Public Services Network
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|Public Services Network (PSN)|
|Type||data and voice|
|Operator||Government Digital Service (part of UK government Cabinet Office)|
The Public Services Network (PSN) is the UK government’s high-performance network, which helps public sector organisations work together, reduce duplication and share resources. It unified the provision of network infrastructure across the United Kingdom public sector into an interconnected "network of networks" to increase efficiency and reduce overall public expenditure.
The original concept of a network of networks strategy was based upon the recognition of Communities of Interest (COI) within the Criminal Justice Sector during work by the Office for Criminal Justice Reform (OCJR) between 2005 and 2007 to enable data sharing across business units.
In this context a COI was defined as groups of Government departments and external partners who in combination provided services within a specific area of operation and used the same data, with a similar risk profile, shared risk appetite and common governance framework. Historically each group member had implemented their own networks and standards of operation in isolation with little or no consideration as to how services and data may be shared and resulting in increased costs of operation.
The Network of Networks strategy proposed within OCJR recommended the creation of specific networks based upon these Communities of Interest which were joined together through data interchange gateways supporting common standards. Under this approach networks would be arranged by data type and business functions such as Criminal Justice, Health and Social Care, Defence and Intelligence or Public Finance rather than solely on established departmental boundaries. Within a COI, trust relationships and data interchange are readily supported, enabling data sharing without a need to cross network boundaries and providing benefits of scale without the challenges and compromises intrinsic to homogeneous cross sector networks. Data is made available without a need to transport it between organisations and control is retained by the data originator.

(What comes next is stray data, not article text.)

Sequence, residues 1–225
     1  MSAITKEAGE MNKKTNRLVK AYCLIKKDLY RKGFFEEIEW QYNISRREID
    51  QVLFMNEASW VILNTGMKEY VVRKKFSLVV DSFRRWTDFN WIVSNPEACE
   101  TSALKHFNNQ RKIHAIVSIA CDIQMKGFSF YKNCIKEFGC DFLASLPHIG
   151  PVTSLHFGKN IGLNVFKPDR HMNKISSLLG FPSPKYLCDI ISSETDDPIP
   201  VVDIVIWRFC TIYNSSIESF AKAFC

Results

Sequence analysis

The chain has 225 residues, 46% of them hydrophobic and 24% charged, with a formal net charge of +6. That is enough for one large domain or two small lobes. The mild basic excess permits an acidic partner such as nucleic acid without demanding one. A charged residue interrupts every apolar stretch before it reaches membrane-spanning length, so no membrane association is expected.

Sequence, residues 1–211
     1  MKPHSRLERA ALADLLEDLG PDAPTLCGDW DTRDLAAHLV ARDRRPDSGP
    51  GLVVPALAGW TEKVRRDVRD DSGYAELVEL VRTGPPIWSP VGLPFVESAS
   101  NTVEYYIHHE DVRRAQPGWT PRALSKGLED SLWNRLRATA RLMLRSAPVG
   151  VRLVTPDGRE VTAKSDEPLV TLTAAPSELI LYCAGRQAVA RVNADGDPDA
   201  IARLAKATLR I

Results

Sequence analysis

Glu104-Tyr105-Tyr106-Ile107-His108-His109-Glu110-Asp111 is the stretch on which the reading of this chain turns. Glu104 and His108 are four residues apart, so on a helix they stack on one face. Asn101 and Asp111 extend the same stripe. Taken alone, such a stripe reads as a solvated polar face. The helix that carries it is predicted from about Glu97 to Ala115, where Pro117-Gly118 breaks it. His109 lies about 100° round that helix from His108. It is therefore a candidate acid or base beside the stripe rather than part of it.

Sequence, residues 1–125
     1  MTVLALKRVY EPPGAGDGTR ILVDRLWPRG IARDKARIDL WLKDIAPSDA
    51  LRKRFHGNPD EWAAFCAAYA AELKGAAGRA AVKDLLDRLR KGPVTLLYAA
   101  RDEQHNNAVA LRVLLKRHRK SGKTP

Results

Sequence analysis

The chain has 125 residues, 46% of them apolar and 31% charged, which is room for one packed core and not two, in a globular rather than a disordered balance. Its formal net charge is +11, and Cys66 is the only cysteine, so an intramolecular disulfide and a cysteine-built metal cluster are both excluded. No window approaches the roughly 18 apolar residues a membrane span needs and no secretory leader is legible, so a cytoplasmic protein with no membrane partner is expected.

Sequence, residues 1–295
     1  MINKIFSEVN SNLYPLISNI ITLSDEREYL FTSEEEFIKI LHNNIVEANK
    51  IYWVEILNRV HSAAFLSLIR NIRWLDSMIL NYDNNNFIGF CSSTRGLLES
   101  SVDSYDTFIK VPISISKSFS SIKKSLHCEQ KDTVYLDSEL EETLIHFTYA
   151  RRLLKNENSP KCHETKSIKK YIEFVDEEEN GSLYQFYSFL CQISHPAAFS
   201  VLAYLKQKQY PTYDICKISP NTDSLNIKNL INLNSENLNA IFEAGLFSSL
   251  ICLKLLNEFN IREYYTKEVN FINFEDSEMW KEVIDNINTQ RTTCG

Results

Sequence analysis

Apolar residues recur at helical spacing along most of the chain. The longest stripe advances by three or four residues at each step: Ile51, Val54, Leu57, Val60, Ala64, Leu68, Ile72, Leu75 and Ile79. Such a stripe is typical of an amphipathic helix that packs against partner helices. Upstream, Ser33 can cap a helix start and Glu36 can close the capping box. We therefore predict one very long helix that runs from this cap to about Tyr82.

In early 2007 a group of UK Government department CTOs in conjunction with the Office for Government Commerce Buying Solutions (OGC BS) established the vision for a single commonly provided, procured and managed public sector voice and data network infrastructure to replace the multitude of separately procured and managed networks serving various segments of the UK public sector; Education, Health, Central Government, Local Government etc.
In 2008 an Industry Working Group was established to document the objectives and requirements more clearly. Their report set out the architectural and commercial principles as well as anticipated security, service management, governance and transition arrangements.
The PSN comprises a core network, the Government Conveyancing Network or GCN provided by GCN Service Providers or GCNSPs. The GCN interconnects multiple operator networks, termed Direct Network Service Providers or DNSPs. Subscriber organisations contract to a connection from a local participating DNSP, connect via that to GCN and hence onwards to other interconnected networks and services. The GCN network is entirely based on IPv4 and MPLS and the GCNSPs are not currently mandated to provide IPv6, though they should have a roadmap to implementing it if and when required.
In March 2012, BT, Cable & Wireless, Capita Business Services, Eircom, Fujitsu, Kcom, Level 3, Logicalis, MDNX, Thales, Updata and Virgin Media Business were successful bidders for the initial two year PSN Connectivity framework.